New to motorcycle travelling? New to the HU site? Confused? Too many options? It's really very simple - just 4 easy steps!

Horizons Unlimited was founded in 1997 by Grant and Susan Johnson following their journey around the world on a BMW R80 G/S motorcycle.

Susan and Grant Johnson Read more about Grant & Susan's story

Membership - help keep us going!

Horizons Unlimited is not a big multi-national company, just two people who love motorcycle travel and have grown what started as a hobby in 1997 into a full time job (usually 8-10 hours per day and 7 days a week) and a labour of love. To keep it going and a roof over our heads, we run events (22 this year!); we sell inspirational and informative DVDs; we have a few selected advertisers; and we make a small amount from memberships.

You don't have to be a Member to come to an HU meeting, access the website, the HUBB or to receive the e-zine. What you get for your membership contribution is our sincere gratitude, good karma and knowing that you're helping to keep the motorcycle travel dream alive. Contributing Members and Gold Members do get additional features on the HUBB. Here's a list of all the Member benefits on the HUBB.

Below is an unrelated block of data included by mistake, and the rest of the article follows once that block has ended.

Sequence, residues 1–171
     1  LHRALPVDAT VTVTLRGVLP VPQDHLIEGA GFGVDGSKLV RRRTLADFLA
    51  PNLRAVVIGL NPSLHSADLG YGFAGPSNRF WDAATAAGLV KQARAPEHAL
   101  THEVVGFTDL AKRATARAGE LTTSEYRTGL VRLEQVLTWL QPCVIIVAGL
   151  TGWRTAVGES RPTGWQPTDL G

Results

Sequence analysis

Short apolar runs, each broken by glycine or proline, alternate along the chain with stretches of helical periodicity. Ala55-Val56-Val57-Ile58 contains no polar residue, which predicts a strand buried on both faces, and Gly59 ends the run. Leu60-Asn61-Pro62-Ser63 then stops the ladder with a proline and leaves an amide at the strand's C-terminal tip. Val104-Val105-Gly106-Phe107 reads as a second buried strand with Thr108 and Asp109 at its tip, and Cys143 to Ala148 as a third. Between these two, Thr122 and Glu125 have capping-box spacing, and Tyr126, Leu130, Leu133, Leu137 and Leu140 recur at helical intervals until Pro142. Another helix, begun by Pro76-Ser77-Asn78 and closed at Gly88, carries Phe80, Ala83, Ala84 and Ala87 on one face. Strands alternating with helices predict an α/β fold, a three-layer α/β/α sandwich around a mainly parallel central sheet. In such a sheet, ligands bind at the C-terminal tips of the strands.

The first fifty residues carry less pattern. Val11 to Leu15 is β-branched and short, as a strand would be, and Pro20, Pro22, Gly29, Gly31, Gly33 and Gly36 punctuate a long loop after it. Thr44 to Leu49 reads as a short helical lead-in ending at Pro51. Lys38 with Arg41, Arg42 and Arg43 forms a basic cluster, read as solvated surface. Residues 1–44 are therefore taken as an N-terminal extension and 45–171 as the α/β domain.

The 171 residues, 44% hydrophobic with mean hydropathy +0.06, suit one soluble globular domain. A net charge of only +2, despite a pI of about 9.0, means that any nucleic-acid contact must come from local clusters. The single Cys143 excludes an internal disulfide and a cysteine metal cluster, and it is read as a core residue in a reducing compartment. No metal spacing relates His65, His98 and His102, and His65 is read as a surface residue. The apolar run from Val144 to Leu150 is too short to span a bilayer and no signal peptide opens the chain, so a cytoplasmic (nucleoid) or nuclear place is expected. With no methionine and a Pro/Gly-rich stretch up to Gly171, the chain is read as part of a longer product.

Books & DVDs


All the best travel books and videos listed and often reviewed on HU's famous Books page. Check it out and get great travel books from all over the world.

Motorcycle Express for shipping and insurance!

Motorcycle Express

MC Air Shipping, (uncrated) USA / Canada / Europe and other areas. Be sure to say "Horizons Unlimited" to get your $25 discount on Shipping!
Insurance - see: For foreigners traveling in US and Canada and for Americans and Canadians traveling in other countries, then mail it to MC Express and get your HU $15 discount!

All times are GMT +1. The time now is 16:49.